The latest Global Financial Center Index results were announced last week, and Hong Kong once again placed third in the global ranking, just one point ahead of Singapore. We know that the competition for higher ranking is very keen, as many cities are making a huge effort to become important global financial centers.
In the past we have lost third place to various cities, including Shanghai, Tokyo, and Singapore. However, the one complaint that is commonly heard these days is Hong Kong’s lackluster stock market performance. There is a glaring and growing gap between the performance of the United States’ and Hong Kong’s stocks. Some commentators think that Hong Kong’s “overly strict regulations” are hurting us. In general, of course, all regulations that are “overly strict” are no good. It is important for the regulators to be strict whenever being strict is warranted, and to stand aside whenever standing aside is warranted. While the GFCI ranking is a good reference point for reflection, so we can find out where we are weak and make improvements, there is not much point in loosening up regulations for the sake of getting ahead of others. The most important thing is that the Hong Kong financial center can serve the needs of the economy effectively while protecting investors from possible abuses and misinformation.
While the GFCI (Global Financial Center Index) ranking is a good reference point for reflection, so we can find out where we are weak and make improvements, there is not much point in loosening up regulations for the sake of getting ahead of others. The most important thing is that the Hong Kong financial center can serve the needs of the economy effectively while protecting investors from possible abuses and misinformation
This month, Hong Kong Exchanges and Clearing released a consultation document on special purpose acquisition companies, which have become very “hot” in the last couple of years. SPACs have been around since 1993, but only recently have they become popular. Among many reasons, one is that, because of quantitative easing, there is just too much cheap money around looking for opportunities in which to invest. This has contributed to the surge in the prices of cryptocurrencies, non-fungible tokens, and many stock markets and real estate.
Some people are unhappy about the HKEX going slow on SPACs and proposing such restrictions as limiting the subscription for and trading of a SPAC’s securities to professional investors only and requiring that the funds to be raised in IPOs be at least $1 billion. However, such safeguards are necessary, as is the requirement that a successor company (the acquired company) must meet all new listing requirements. First, the odds are pretty high that SPACs may not be able to identify and may not succeed in acquiring a company deemed attractive. One study noted that of 474 SPACs that have been launched since 2009, only 188 completed mergers. The failure rate is some 60 percent. Small investors may be tempted by the furor about SPACs and thoughtlessly invest their hard-earned money in SPACs that turn out to be flops. Professional investors, having a much bigger portfolio, can better afford such failures.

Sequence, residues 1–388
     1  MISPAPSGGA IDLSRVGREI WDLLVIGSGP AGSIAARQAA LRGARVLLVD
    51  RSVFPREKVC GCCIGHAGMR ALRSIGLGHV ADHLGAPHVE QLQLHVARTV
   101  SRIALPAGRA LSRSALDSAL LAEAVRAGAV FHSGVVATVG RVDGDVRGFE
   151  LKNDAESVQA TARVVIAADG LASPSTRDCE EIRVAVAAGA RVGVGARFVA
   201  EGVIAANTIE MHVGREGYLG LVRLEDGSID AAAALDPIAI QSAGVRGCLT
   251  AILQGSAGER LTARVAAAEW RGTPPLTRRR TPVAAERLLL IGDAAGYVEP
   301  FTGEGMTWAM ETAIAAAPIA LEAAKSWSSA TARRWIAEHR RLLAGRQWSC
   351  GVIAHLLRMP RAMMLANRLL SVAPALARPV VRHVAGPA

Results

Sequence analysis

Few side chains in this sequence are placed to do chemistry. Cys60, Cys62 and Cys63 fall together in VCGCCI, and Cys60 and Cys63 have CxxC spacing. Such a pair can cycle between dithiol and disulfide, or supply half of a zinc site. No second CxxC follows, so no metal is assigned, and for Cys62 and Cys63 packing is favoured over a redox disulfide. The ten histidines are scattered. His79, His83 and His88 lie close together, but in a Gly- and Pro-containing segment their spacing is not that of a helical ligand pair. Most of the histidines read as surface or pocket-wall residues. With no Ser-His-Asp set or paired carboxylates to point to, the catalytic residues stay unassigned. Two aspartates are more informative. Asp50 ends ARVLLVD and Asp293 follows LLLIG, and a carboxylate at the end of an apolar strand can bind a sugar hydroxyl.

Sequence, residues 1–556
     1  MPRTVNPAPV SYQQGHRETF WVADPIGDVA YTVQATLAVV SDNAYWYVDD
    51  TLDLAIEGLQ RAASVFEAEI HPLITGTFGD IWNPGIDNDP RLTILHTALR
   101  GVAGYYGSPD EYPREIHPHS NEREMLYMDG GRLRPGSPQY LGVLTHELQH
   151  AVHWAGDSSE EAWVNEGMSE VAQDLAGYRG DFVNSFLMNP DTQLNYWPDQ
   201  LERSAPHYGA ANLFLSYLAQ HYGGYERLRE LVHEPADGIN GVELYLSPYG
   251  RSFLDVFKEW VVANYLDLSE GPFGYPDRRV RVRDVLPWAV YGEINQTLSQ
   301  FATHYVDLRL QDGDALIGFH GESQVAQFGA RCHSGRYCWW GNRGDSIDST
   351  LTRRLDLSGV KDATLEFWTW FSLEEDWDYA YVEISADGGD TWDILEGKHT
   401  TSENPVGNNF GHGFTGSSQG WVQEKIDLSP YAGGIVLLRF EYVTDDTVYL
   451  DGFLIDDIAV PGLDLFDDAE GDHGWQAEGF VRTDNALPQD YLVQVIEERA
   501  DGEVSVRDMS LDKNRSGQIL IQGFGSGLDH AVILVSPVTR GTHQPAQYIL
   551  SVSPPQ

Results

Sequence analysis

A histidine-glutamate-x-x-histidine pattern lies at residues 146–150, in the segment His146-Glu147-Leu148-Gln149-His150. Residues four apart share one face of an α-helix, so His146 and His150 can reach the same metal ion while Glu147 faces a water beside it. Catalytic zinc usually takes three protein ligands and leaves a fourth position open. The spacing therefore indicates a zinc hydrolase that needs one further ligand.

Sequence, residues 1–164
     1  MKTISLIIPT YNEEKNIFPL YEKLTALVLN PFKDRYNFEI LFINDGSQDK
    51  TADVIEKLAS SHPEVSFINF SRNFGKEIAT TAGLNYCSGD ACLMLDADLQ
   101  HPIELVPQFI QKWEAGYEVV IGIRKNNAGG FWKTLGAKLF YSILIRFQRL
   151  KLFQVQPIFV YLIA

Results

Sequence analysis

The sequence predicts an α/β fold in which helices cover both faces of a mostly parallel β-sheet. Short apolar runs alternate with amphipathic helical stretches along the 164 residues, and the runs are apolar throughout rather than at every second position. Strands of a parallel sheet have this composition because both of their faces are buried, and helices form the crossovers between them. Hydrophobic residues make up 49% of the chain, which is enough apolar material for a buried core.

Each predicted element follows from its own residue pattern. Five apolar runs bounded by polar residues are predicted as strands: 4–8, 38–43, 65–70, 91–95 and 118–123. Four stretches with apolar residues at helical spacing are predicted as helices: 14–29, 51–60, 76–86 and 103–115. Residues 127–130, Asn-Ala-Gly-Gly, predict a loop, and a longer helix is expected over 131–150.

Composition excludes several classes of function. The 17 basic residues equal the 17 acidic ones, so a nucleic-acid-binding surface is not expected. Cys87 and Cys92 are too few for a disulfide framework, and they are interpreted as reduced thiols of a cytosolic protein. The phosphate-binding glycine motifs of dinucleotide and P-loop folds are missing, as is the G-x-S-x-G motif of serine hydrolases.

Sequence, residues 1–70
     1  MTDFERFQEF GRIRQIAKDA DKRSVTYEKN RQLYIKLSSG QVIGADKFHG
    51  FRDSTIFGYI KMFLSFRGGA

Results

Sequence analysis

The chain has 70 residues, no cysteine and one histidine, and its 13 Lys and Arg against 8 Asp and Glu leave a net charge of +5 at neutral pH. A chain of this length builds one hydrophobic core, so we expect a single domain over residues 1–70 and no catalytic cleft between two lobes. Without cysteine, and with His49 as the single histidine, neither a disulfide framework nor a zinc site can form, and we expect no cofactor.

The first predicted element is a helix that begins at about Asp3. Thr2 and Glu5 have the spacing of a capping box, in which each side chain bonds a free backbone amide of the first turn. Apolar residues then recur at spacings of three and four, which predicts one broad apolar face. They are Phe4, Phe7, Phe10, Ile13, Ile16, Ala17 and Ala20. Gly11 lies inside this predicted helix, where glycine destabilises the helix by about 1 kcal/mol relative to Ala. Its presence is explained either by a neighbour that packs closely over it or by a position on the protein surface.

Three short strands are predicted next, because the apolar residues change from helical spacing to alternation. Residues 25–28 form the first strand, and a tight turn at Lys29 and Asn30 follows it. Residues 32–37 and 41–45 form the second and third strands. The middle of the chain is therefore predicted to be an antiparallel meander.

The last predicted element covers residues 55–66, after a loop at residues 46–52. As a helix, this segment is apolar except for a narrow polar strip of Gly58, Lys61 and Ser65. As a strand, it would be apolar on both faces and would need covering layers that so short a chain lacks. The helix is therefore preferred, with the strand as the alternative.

Moreover, another study from Bloomberg Law Analysis found that even when acquisitions are successful, many acquired companies did not do well, and this is happening in a booming market. The report says: “Year-to-date, most post-merger U.S. SPACs are not performing well. … The average depreciation in value of the 24 negatively performing post-merger entities is 26 percent, with the two worst performers reporting a loss in value of over 60 percent.”
This is not to say that SPACs are necessarily counterproductive. The fact that the HKEX has released the consultation document suggests that it is open to the idea that SPACs could be good for the economy, particularly with proper safeguards. According to Reuters, citing Dealogic data, companies globally have raised $131 billion so far in 2021. That translates to a lot of business for the bourses. But many SPACs’ poor financial performances and a regulatory crackdown have cooled the frenzy. Hong Kong certainly should not loosen regulations just to boost business and GFCI ranking.
Hong Kong’s stock market underperformed not because of tighter regulations by the regulatory authorities in Hong Kong, but largely because of tighter regulations by regulatory authorities on the Chinese mainland on mainland companies and the soured China-US relations. There were rumors that Beijing has put pressure on Hong Kong’s developers to help address Hong Kong’s housing problems. The Real Estate Developers Association of Hong Kong has publicly said that none of its members has ever had pressure from Beijing, and that they always support the Hong Kong Special Administrative Region government to alleviate the housing shortage. In any case, Hong Kong’s high housing prices reflect a shortage of developable land — an issue that is beyond the capability of the developers to address. It is an issue that all stakeholders in Hong Kong need to work together to resolve. Moreover, as I explained in last week’s article, triggering a major decline in housing prices will not be in the interest of anyone. Hong Kong needs stability, consistency, and attention to the public interest. Regulators need to do their jobs, our developers need to do their jobs, and so does everybody. We are glad that we can always fall back on the Basic Law: As long as we respect and comply with the Basic Law, the Basic Law will protect our interests, and we will not have to worry about surprises.
The author is director of the Pan Sutong Shanghai-Hong Kong Economic Policy Research Institute, Lingnan University.
The views do not necessarily reflect those of China Daily.